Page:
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Civilian Conservation Corps PFOP

Camp LeRoy CCC recruits construct erosion control damns in this undated photograph. (Courtesy of McLean County Museum of History)

Generally recognized as the most popular of all New Deal work programs, the Civilian Conservation Corps (CCC) put hundreds of thousands of young men to work during the dark days of the Great Depression.

Established in 1933, the CCC was initially open to unmarried, unemployed men between the ages of 18 and 25.

A key component of the program was that “junior enrollees” (as new recruits or volunteers were known) had to send $22 to $25 of their $30 monthly allowance back to their families.

CCC volunteers were divided into companies typically numbering 150 to 200 men.

These companies were posted to camps across the nation where they worked on projects relating to natural resource conservation and preservation.

There were two camps close to Bloomington — the first in LeRoy and the second near Congerville (though the latter was called Camp Eureka) — both of which were charged with improving soil erosion control on overworked Cornbelt farms.

The organization of the CCC camps, including uniforms and room and board, fell under the supervision of the U.S. Army (camps were headed by reserve officers, though enrollees were given no military training).

The soil conservation work, on the other hand, was directed by the U.S. Department of Agriculture in cooperation with federal, state and local officials.

There were other camps in Central Illinois, including those in or near Charleston, Decatur, Havana, Manito and Pekin. The CCC in Illinois undertook major projects at numerous state parks, including, most famously, the construction of the magnificent (and still-standing) lodges

at Pere Marquette, Giant City and Starved Rock.

For the most part, enrollees assigned to the LeRoy and Congerville camps came from outside Illinois, while local men were sent to camps located in Wisconsin and Oregon.

For instance, Karl Blakney was one of nearly 200 McLean County residents comprising Company 1652 assigned to Gold Beach, Ore., some 30 miles north of the California border. For Blakney, the “three Cs was one of the best ideas that ever happened in this country.”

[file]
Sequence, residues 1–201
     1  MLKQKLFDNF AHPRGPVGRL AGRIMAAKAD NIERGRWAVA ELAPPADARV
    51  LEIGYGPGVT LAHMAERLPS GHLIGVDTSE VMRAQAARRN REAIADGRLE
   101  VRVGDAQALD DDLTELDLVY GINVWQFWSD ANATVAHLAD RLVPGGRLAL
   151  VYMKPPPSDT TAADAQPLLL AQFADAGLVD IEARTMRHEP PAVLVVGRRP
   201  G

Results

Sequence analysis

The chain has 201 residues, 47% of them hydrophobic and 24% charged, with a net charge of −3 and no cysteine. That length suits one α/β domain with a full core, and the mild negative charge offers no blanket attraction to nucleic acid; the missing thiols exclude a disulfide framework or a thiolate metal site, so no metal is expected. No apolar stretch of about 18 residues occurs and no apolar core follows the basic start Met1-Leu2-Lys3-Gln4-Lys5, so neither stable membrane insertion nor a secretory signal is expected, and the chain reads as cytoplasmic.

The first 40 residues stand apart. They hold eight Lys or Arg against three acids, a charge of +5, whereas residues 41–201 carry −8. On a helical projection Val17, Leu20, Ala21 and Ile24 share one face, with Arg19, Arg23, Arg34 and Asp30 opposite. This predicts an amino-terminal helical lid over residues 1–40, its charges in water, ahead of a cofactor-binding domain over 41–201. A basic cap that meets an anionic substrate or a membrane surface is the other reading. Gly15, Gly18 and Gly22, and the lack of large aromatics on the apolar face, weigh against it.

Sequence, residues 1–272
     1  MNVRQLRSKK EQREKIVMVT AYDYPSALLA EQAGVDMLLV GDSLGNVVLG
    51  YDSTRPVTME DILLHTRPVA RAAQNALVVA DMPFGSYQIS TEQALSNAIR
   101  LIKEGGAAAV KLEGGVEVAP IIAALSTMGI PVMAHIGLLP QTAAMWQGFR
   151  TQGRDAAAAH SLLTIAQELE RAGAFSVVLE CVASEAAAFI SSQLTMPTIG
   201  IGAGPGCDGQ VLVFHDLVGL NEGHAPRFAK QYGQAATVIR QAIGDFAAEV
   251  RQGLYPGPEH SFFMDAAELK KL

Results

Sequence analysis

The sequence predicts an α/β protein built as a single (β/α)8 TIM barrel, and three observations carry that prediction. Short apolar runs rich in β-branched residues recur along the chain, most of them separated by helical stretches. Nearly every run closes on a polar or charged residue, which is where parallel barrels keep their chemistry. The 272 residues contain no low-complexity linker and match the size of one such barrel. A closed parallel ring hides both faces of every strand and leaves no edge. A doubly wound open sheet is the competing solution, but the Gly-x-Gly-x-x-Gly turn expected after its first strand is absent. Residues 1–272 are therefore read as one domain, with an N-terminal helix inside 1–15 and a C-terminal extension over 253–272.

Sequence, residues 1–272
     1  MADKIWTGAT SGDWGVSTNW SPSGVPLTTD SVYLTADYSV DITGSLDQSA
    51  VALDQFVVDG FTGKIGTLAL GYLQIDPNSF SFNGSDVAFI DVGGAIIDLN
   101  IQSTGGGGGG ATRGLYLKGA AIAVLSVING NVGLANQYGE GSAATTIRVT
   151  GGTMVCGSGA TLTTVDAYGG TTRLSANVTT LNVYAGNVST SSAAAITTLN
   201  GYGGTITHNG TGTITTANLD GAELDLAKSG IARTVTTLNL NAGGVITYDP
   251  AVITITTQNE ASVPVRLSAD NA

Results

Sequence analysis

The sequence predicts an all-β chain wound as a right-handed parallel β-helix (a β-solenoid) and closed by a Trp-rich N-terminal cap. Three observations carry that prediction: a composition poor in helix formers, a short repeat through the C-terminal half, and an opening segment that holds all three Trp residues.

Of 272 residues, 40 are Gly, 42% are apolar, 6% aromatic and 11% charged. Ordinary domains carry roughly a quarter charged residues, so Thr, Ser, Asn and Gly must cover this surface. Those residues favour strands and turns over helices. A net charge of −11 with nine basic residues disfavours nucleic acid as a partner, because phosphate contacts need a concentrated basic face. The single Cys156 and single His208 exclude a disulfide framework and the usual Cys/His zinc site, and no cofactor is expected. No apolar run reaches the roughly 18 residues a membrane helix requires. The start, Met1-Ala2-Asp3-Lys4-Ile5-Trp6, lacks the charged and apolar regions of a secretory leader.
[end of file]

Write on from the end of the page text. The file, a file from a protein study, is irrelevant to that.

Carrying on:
Camp LeRoy was situated on a five-acre tract about one-half mile from the business district, on the site of the city’s old fairgrounds.

Company 1657 got the camp up and running in May 1934, though its recruits had to sleep in six-man tents until the completion of the wood frame barracks.

This CCC camp eventually consisted of five barracks (each 120 feet long and outfitted with three coal-burning stoves for cold weather), mess hall, canteen/recreation center (with pool and pingpong tables), infirmary, headquarters, truck shed and classroom building, as well as reveille grounds and a baseball diamond. Company 1657 manned Camp LeRoy for 3 1/2 years, followed by briefer stays of at least three other companies.

Much of the work at Camp LeRoy revolved around the construction of erosion-control “dams,” which were placed in gullies to slow the loss of washed-out soil.

These dams were made of all types of materials, including brush, wire, sod bags, wood and concrete.  

Tree planting was another priority — Company 1657 alone planted a grove’s worth of trees, including thousands upon thousands of black walnuts, cottonwoods, white oaks and soft maples.

Camp Eureka, located east of the Mackinaw River on the north side of what is now U.S. 150, served northwestern McLean County and parts of Woodford and Tazewell counties.

It closed in the fall of 1938, and Camp LeRoy followed a year later.

Today, LeRoy’s old CCC camp is part of the city’s Sunnyside subdivision.

At the Camp Eureka site, two pillars of native stone mark the former entrance (though they’re situated on private property).

Back in July 1936, The Pantagraph looked into life at Camp Eureka, where most recruits were no older than 20.

The young men were rousted from slumber at 6 a.m., and one half-hour later in the mess hall they sat down for breakfast, which typically included “prunes, cooked cereal, a pint of milk each, fried mush, syrup, coffee and butter.”

Many Camp Eureka volunteers gained 10 to 15 pounds during the first two months of camp life, testament to the widespread malnutrition and hunger average Americans faced during the Great Depression.

The CCC, though, was not all work and no play. Twice a week, Camp Eureka CCC’ers loaded onto trucks to spend the evening “on the town” — Wednesdays in Bloomington and Saturdays in Peoria.

Not surprisingly, CCC volunteers often found themselves romantically entangled with local girls, and in LeRoy, more than a few of these relationships blossomed into something more serious — marriage!

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